The focus on Jessie here is a nice change of pace.  The three movies have really been focused on Woody, and while Jessie and Buzz have certainly been major characters, it’s not their journey.  Jessie not only gets some backstory expansion (in particular, looking at the effect that being abandoned in a box has had on her), but she gets to be the actual hero here.  It doesn’t come down to Woody or Buzz or the ensemble as a whole coming together and saving things, it comes down to her own abilities and facing her fears herself.  It’s very well done.
            And it’s just a part of the fact that, even condensed down to 30-minutes-with-ads, Pixar loses none of their touches here.  The story is interesting, and similar to the Small Fry short, shows another side of the Toy Story world which we haven’t gotten to see.  The humor is perfectly done, from jokes regarding new toys that are seen to the toys themselves riffing on a B-movie at the start.  And the visuals have not diminished at all.  I remember with Dreamworks’ Kung Fu Panda Christmas special, there was something off with the visuals—not quite TV series bad, just not quite movie good.  Here, though, this is as good as any movie Pixar has made.  Of all things, it was a scene in a bathroom that made my jaw drop.  It was just a bathroom, but it was one of the most realistic looking bathrooms I’ve ever seen in an animated movie.  The one flaw here is the use of Mr. Pricklepants as the character explaining all the horror tropes as they apply to their situation.  There’s some humor from it, but it just feels too much like talking down to the audience.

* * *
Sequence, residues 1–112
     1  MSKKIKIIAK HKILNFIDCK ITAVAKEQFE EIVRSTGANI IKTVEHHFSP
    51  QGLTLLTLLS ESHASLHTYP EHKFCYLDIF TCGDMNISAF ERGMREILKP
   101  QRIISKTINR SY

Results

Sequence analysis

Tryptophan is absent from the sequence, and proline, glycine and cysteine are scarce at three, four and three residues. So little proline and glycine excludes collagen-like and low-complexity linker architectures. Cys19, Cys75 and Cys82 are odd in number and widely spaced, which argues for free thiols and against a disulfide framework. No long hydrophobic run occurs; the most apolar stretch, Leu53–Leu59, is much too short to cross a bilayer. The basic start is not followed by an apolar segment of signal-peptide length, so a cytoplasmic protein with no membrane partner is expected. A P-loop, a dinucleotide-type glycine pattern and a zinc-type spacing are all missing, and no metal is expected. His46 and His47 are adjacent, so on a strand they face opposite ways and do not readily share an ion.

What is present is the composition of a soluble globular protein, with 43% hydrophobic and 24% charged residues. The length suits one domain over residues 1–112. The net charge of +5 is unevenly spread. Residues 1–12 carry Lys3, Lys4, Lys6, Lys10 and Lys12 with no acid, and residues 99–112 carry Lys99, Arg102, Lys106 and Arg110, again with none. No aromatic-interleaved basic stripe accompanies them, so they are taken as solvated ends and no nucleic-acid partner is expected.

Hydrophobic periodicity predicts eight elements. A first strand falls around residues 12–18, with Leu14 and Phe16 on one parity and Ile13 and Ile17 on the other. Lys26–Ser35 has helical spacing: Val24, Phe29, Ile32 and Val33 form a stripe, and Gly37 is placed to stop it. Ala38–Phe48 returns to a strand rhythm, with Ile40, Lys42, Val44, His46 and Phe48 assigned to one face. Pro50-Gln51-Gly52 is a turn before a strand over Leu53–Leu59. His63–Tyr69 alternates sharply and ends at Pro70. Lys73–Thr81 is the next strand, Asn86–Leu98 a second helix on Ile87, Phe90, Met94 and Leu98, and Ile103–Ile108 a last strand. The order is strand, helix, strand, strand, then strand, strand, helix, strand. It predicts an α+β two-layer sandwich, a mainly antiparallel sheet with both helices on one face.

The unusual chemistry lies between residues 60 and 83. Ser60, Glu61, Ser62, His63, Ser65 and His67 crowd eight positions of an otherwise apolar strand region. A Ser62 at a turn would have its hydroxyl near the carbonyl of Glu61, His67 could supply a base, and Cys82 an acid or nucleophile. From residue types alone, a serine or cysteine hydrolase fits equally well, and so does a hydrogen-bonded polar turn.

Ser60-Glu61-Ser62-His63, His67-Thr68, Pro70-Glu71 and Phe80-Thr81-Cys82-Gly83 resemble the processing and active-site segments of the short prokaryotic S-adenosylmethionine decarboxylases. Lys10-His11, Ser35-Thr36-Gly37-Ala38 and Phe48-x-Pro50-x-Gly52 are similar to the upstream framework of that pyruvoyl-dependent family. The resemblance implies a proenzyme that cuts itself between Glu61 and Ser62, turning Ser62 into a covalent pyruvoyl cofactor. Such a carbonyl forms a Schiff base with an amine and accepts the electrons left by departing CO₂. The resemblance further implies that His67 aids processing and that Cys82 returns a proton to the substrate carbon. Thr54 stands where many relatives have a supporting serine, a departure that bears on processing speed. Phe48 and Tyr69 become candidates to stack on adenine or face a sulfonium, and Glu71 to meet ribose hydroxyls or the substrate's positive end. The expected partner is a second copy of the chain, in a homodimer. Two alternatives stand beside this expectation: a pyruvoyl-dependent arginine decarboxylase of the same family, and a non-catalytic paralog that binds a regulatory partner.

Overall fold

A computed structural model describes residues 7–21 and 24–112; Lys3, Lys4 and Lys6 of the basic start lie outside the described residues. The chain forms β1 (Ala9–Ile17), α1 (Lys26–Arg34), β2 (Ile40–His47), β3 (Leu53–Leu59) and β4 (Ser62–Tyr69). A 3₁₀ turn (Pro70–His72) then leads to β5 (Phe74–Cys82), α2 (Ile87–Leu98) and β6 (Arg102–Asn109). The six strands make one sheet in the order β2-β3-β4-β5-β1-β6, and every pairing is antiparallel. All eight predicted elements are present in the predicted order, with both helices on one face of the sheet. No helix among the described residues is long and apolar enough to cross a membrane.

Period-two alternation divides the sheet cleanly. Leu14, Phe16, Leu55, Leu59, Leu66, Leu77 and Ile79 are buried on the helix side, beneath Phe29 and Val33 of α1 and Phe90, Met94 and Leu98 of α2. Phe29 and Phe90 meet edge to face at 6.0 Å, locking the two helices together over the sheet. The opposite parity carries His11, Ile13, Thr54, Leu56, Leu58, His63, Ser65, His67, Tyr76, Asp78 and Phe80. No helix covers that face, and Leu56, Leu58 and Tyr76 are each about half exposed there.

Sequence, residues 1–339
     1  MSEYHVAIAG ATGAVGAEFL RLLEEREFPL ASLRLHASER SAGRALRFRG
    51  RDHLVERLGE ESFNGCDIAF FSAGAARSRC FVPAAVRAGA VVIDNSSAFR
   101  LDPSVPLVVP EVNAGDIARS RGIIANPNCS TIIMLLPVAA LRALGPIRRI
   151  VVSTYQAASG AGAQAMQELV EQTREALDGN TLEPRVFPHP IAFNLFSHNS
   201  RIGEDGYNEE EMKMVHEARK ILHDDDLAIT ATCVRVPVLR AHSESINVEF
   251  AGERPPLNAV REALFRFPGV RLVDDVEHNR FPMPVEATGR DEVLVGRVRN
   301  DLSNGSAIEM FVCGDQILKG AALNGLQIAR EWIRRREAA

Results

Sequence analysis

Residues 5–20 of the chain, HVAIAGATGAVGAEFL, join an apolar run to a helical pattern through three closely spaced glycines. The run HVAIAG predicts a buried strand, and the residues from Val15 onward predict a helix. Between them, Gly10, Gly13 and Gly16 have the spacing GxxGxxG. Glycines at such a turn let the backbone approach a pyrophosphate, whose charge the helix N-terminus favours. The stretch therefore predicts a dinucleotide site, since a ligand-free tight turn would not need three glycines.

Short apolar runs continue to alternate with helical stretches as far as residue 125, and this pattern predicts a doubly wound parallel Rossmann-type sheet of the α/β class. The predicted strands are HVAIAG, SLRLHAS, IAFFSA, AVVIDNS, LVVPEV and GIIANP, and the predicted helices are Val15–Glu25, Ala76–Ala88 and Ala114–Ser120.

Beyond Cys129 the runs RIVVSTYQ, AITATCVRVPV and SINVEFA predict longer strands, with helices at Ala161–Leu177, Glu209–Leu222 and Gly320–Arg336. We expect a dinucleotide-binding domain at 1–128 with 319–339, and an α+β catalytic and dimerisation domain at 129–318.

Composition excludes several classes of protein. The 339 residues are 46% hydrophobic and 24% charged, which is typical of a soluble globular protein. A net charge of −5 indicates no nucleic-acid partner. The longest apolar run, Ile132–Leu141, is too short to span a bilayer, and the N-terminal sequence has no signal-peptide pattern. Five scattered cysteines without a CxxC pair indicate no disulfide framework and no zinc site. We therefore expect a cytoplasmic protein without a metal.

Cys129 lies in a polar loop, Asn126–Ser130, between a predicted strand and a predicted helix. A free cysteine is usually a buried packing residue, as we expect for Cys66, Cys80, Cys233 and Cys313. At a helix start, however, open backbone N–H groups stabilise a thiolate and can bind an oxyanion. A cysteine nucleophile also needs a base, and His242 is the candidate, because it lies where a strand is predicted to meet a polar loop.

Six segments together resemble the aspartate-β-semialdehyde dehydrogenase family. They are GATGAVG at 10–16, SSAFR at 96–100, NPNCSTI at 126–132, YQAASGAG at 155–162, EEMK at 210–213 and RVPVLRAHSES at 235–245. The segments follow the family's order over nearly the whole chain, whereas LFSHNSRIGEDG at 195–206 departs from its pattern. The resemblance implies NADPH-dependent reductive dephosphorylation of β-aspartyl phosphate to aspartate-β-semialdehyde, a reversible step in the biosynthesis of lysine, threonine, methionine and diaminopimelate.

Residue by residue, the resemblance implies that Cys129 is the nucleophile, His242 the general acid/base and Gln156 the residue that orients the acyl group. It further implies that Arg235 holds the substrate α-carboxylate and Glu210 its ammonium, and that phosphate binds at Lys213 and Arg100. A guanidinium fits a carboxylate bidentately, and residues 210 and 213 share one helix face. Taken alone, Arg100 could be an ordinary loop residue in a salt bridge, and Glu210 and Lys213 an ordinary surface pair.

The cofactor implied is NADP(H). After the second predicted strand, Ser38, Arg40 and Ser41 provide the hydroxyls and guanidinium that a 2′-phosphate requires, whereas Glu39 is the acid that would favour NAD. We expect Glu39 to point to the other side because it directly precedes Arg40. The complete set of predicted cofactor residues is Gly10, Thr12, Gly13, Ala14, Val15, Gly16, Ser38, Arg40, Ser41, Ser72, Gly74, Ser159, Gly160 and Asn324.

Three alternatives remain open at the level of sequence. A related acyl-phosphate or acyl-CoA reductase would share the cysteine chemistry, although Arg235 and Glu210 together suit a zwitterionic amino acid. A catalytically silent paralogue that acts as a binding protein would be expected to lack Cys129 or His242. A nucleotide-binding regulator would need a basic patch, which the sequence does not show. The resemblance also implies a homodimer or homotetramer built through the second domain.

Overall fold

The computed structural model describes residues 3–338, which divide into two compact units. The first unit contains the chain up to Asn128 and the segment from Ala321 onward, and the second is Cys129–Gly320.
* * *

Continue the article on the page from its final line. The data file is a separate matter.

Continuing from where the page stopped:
Overall, if this is the quality Pixar can bring to TV specials, then they can keep making them.  Yet again, they’ve managed to return to Toy Story and keep things fresh, expanding the universe and just making it a franchise that’s clearly loved and cared for by the creators. 

Tuesday, October 15, 2013

Batman Volume 3: Death of the Family

Written by Scott Snyder
Art by Greg Capullo

            For those not in the know on the New 52, it should be noted that one of the big early initiatives was giving many of the books new villains (Darkseid is the only old villain I know of that appeared in an initial arc).  To apparently make a point about this, in the first issue of Detective Comics, Joker got his face cut off.  Of course, old villains came back into the books as they went on, and anybody familiar with the Joker knows that it takes a lot more than losing his face to even make it appear that he’s died to readers.  With Death of the Family, Joker comes back in a big way, threatening to kill off Batman, the Robins, and Batgirl.
            There’s honestly not much to talk about storywise besides what’s already been said.  After all, this is the Joker, and part of the fun of any Joker story is finding out exactly what his plot is.  Yes, he wants to kill Batman, but you’re never entirely sure of what he’s doing.  The book makes sure that most of the information is conveyed to the reader only when Batman knows it, and that means that everything the Joker is doing just seems that much more mysterious.  Even with some side-stories in this book focusing on the Joker, we only get glimpses of how he interacts with the other Bat-villains, not any reveals about his plans.